Other nearby places to watch the sunset

Sunset at Prambanan is spectacular, that’s for sure. However, it’s not the only place you can watch the sunset at. Consider these, if you want something a tad different:

  • Ratu Boko: The sun sets right behind the main gate of Ratu Boko – the mysterious Hindu-Buddhist palace;
  • Candi Barong: This smaller temple is on a hill behind Ratu Boko and thus you can see more of the horizon during the sunset;
  • Candi Ijo: Talking about hills, Candi Ijo is the highest temple around Yogyakarta at 425 m above sea level. Shall I say more?;
  • Spot Riyadi: Any place that’s called a “spot” is sure to have nice views. Spot Riyadi doesn’t disappoint with views towards Prambanan, Mt. Merapi and of course, the setting sun.
Candi Ijo main temple
Candi Ijo

After sunset: Watch the Ramayana Ballet

There are two options for after the sun goes down. You can either go back to Yogyakarta or witness something extraordinary with more than 50 years of history – the Ramayana Ballet.

It takes place so close to Prambanan that it’ll be incredibly amiss if you skip it after your visit to the temple. Moreover, the Ramayana Ballet is a grand performance of Hindu beliefs and culture adding immensely to your visit and understanding of Java from the ages past.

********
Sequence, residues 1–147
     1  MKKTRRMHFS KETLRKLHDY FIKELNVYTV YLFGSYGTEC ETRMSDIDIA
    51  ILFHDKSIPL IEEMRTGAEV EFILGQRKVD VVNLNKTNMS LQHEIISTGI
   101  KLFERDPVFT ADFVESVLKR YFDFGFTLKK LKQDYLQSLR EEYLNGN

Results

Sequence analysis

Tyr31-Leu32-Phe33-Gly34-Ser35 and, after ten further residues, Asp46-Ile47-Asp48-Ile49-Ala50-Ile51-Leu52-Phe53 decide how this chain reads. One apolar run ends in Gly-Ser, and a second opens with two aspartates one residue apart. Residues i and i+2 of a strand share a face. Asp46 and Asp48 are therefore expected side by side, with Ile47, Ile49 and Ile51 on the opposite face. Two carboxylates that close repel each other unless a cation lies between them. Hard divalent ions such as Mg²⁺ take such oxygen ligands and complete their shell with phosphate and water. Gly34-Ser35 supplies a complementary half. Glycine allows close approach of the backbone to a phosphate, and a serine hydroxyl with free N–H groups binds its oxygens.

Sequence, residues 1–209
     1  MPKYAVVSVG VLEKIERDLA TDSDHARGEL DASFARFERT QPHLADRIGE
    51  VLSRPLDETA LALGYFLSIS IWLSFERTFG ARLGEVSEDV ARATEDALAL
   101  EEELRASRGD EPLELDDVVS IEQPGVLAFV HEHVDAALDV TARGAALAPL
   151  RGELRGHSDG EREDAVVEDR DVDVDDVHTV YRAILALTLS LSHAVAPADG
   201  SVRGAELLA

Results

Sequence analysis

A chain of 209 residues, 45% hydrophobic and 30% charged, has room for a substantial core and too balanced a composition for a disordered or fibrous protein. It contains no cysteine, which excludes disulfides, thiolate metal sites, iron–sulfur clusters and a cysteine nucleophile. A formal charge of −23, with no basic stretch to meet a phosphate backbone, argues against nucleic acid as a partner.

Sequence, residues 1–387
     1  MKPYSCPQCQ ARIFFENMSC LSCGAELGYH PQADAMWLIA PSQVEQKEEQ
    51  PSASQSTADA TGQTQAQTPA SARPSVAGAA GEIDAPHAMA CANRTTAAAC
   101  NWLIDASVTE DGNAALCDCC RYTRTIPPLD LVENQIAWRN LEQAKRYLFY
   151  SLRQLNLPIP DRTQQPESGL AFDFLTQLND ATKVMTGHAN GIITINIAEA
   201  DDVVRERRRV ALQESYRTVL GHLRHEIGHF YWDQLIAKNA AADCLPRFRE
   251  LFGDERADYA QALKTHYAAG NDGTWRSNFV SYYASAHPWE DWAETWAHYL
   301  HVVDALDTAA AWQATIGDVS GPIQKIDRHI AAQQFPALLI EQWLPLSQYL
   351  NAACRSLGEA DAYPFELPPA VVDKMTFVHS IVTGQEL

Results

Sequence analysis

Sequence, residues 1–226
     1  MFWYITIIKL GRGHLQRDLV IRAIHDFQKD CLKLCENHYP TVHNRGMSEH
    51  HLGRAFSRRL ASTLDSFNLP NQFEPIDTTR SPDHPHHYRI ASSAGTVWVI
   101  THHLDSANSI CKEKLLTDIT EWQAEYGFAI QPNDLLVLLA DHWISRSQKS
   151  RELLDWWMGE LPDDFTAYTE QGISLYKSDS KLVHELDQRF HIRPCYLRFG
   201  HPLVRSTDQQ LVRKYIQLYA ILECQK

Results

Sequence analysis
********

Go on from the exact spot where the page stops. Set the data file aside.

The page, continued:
A scene from the Ramayana Ballet near Prambanan

Find out all you need to know about the Prambanan Ramayana Ballet, including schedule, price, and is it’s worth it (yeah, it is)

How to get to Prambanan from Yogyakarta?

Prambanan Temple is surprisingly near to Yogyakarta where most travelers base themselves. Sidenote: I love Yogyakarta and here is my list of best things to do in the City of Education.

Let’s take a look at your options for how to get to Prambanan for the sunset.

By public transport bus

The cheapest way to get to Prambanan is to take the public transport bus #K3J or #1A. It’s the same bus that runs under two different codes. You can take it from any stop on Malioboro Street, either Malioboro 1, 2 or 3.

You have to change buses at the Adisutjipto Airport bus stop (Bandara Adisutjipto). You’ll take another bus #K3J or #1A that leaves immediately. Follow the assistant’s instructions there. This is because the buses stop for 15 minutes before continuing, so if you don’t change you will end up needlessly waiting.

K3J / 1A bus
The K3J / 1A bus

There’s a minor problem with the buses going to Prambanan: K3J / 1A is a Teman Bus, NOT a TransJogja bus, and since 01.01.2023 DO NOT accept cash as payment.

There are a variety of options to pay with, most of which are suitable only for locals with local bank cards. The easiest is to add credit to your GoJek Pay account at an Indomaret / Alfamart store and then pay with the GoJek app inside the bus.

By train

The Commuter train line between Yogyakarta and Surakarta is another convenient way to reach Prambanan.